A Taste of Ma Peche's Dim Sum Menu
All photos by Jane Cheng
Not long ago, Ma Peche (15 West 56th Street, 212-757-5878), David Chang's French-Vietnamese inspired Momofuku outpost, axed its 10-course Kappo tasting menu for a new passed plates experience. Diners can now pick and choose small plates of black bass ceviche or pulled lamb noodles or dumplings in bamboo steamers from old-style dim sum trolleys trolleys.
This collaborative effort between Chang and Ma Peche's executive chef of four years, Paul Carmichael goes far beyond traditional dim sum, Carmichael insists. "I'm not a classic dim sum chef," he says. "But I like to cook good food. There's an opportunity to do some of the fun dishes that people can share." He works to develop tapas-sized dishes that work well on a rolling shuttle. On any given night, diners can experience three different carts -- each with its own theme.
The concept also serves as a framework through which Carmichael's team can test out new dishes. Each day, a sous chef may develop his or her own item; it will run as a special on that day's cart. "We had a really good gumbo once, and we also had mushroom congee the other day," Carmichael says. "It really gives my team a lot of creative opportunities."
We dropped by to taste Ma Peche's offerings, and we found that Carmichael's team is well-versed in elevating simple dishes with unexpected pairings. A cool Togarashi-perfumed sesame paste brightens steamed broccoli ($9); an herbaceous guacamole ($12), accented with crab and ginger, serves as a knockout dip for crackers. These crisp crackers, we later learn, are a mix of Cassava and poppy-seed, and they take a full two days to form.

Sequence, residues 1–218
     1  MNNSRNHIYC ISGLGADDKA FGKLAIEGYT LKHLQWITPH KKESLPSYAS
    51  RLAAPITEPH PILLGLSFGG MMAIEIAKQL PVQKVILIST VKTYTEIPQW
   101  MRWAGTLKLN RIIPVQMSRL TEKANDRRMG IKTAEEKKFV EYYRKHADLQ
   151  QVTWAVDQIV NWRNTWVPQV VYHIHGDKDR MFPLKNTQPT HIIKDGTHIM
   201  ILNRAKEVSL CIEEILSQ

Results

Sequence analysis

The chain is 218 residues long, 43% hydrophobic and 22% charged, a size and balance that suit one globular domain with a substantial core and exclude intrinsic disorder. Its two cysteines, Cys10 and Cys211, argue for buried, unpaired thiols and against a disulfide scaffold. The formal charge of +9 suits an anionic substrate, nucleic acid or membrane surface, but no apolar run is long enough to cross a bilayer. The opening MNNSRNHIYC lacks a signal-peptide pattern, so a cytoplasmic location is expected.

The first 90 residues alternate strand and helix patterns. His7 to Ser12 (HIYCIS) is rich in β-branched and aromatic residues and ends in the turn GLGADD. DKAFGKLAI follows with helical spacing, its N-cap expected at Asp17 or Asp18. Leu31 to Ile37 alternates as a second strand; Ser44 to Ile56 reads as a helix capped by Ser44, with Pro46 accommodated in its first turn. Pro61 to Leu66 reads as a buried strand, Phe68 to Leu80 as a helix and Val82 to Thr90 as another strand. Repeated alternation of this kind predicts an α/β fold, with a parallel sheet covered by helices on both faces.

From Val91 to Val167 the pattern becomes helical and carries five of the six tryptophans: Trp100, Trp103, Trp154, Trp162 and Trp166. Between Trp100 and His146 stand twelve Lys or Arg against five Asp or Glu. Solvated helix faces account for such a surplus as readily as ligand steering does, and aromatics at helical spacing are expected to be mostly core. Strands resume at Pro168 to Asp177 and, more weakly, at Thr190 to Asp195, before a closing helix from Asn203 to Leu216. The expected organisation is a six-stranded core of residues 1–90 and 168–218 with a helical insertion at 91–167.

A few dishes are overwrought: A dish of warm blinis ($16) is drowned in trout roe and sour cream, making for a muddled riff on a posh classic. A bowl of puffy shrimp balls ($8) are fragrantly smoky but underseasoned. So, too, is an adaptation of the Momofuku pork bun: a deep-fried fillet of fish wedged between steamed buns ($5) underwhelms, needing more than a few dabs of Sriracha to enliven it.
The best dish on the dim sum menu was originally part of Ma Peche's old menu: Rice cakes ($9), rolled and cut like plump cigars and reminiscent of the Korean staple dukbokki, are aromatic, fiery, and rich, fortified by a stew of pork ragout and flecked with crisp fried shallots. Carmichael says his favorite is the airy, deep-fried cod fritters ($8), seasoned assertively with Calabrian chiles - it's a recipe passed down from his grandmother.
Ma Peche serves its dim sum menu for both lunch and dinner, in addition to its regular a la carte menu. Walk-in diners may also order from the new menu from the downstairs bar.
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